• Managing a serious condition/s: You (or a family member) expect to have routine doctor and specialists’ visits to manage and monitor one or more chronic conditions. In addition, you’re planning for blood tests, other diagnostic testing, and medication costs. Gold or platinum plan options are likely to give you the most financial protection, but keep in mind that they have higher, fixed monthly costs.

Pulling the Trigger

Before you make a decision, review your health history. No matter how healthy you are or think you are right now, it always helps to look at how often you’ve gotten care in the past, which is an important way to gauge expected out-of-pocket costs. Here are the things to consider:

  • To get a sense of what those kinds of visits, medications, and services might cost in the year ahead, feel free to call Oscar’s member services department (1-855-OSCAR-68). Even if you’re just shopping and haven’t signed on yet, they’ll be happy to help you figure it out.

  • Compare this to the deductibles (the amount you need to pay before your insurance kicks in and starts covering your care), copays (the amount you’re expected to pay for each instance of care after you meet your deductible, until you meet your out-of-pocket max), and coinsurance (the percentage of a medication or service you’re expected to pay after you meet your deductible, until you meet your out-of-pocket max).

  • Next, factor in medications and treatments. For instance, if you’re a diabetic, check to see if the plan covers the kinds of drugs and services you typically use.

A Couple More Tips

  • Look at preventive and wellness services. These can be critical to helping you avoid expensive treatments. Features like telemedicine (a network of doctors to help you over the phone), extra support for certain conditions, and even reimbursements for exercise or gym memberships can help drive down costs now and well into the future.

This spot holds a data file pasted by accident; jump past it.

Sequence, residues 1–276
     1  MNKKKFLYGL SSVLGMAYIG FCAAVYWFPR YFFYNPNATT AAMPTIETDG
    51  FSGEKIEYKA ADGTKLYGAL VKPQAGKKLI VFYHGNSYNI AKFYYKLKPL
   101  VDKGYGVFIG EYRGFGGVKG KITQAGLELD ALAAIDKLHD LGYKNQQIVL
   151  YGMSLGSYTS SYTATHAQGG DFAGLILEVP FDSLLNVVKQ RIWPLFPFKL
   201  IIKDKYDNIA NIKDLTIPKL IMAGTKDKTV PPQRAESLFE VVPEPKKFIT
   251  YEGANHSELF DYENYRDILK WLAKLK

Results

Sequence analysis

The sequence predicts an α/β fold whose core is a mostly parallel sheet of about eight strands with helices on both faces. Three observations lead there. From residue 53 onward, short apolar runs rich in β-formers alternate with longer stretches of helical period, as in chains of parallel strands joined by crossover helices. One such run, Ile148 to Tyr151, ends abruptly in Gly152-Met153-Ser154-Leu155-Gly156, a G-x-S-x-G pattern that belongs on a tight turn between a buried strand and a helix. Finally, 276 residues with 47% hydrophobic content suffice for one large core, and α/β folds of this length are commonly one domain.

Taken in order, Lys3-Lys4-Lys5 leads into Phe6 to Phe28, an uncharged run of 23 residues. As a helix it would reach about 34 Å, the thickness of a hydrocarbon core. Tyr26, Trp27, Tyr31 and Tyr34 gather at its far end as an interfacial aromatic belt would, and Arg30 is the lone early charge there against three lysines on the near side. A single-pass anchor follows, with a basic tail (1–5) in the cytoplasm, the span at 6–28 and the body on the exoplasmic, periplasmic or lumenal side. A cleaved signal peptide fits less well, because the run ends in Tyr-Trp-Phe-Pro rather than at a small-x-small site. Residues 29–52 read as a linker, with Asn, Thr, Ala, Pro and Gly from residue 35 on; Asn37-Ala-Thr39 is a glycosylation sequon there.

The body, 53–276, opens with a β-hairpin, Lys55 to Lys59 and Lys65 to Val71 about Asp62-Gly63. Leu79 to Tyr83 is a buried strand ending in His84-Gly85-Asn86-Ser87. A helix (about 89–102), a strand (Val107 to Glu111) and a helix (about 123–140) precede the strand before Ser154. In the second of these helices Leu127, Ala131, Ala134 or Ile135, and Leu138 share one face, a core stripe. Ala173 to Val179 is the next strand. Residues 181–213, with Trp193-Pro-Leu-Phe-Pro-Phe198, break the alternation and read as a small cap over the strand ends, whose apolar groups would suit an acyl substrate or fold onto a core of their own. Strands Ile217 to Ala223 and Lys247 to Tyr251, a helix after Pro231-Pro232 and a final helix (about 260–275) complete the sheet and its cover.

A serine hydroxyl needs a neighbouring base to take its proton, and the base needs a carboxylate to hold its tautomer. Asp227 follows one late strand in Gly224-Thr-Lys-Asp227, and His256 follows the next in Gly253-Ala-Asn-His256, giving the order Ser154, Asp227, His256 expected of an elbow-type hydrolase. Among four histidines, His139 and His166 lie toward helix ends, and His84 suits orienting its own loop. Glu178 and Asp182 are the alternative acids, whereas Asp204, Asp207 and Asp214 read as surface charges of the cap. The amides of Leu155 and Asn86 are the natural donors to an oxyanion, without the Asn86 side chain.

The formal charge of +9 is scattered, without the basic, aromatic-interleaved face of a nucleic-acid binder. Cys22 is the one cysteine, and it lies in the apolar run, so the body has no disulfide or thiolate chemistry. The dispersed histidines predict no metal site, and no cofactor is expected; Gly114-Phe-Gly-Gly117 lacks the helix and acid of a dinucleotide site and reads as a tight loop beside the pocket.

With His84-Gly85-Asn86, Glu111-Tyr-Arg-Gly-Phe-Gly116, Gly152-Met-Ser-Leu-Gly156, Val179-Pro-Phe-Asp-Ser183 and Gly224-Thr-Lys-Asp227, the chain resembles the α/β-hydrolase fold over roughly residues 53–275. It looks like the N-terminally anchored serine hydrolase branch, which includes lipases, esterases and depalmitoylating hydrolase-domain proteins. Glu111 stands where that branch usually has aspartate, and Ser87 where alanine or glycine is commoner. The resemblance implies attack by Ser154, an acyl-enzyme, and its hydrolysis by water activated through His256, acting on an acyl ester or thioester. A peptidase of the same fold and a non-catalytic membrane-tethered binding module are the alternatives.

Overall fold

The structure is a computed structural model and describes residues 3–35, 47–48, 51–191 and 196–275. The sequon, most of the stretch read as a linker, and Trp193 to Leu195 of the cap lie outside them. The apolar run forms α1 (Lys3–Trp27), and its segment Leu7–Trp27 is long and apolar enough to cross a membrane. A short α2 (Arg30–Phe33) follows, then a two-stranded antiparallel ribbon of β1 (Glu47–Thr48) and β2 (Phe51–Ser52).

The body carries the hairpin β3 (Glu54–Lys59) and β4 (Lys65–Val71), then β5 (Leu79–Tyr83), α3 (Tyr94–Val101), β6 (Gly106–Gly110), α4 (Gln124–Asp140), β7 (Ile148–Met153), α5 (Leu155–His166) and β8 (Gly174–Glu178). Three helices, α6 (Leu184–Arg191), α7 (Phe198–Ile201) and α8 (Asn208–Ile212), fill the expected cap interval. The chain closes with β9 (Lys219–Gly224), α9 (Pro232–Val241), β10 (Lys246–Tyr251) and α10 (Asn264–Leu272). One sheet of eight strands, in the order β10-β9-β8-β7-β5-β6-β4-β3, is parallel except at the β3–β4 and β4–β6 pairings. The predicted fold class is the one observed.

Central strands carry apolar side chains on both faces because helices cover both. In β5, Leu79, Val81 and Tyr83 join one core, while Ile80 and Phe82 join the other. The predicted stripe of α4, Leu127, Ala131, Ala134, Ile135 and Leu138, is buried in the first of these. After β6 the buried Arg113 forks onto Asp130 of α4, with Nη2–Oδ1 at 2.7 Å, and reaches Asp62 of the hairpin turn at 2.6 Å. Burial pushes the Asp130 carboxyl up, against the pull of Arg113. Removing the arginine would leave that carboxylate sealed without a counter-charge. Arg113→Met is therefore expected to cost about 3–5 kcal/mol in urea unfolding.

• What’s the word on the street? Reading what reputable magazines, newspapers, and blogs have to say about a company can help seal the deal on a wellness partnership whose results can last a lifetime.

Ready to take the next step? In addition to our other plans, this year Oscar is making things even easier by offering four deductible-only Simple Plans. All these options have the same free benefits, including 24-hour doctor calls, preventive care (including flu shots and some birth control), a $400 fitness reward, two primary care visits, and generic drugs. They also all connect you to the same large, high-quality network of doctors, hospitals, and other providers. The only difference is each plan’s max—the most you’ll pay per year if you need care. After that, Oscar health insurance covers everything. No co-pays, no co-insurance payments. Easy. Call 1-855-OSCAR-68 to get started or visit

This material has been prepared for informational purposes only, and is not intended to provide, and should not be relied on for, legal or tax advice. If you have any legal or tax questions regarding this content or related issues, then you should consult with your professional legal or tax advisor.
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Written By
Blog Author - Julia Averbuck
Julia Averbuck
Feb 2, 20153 minutes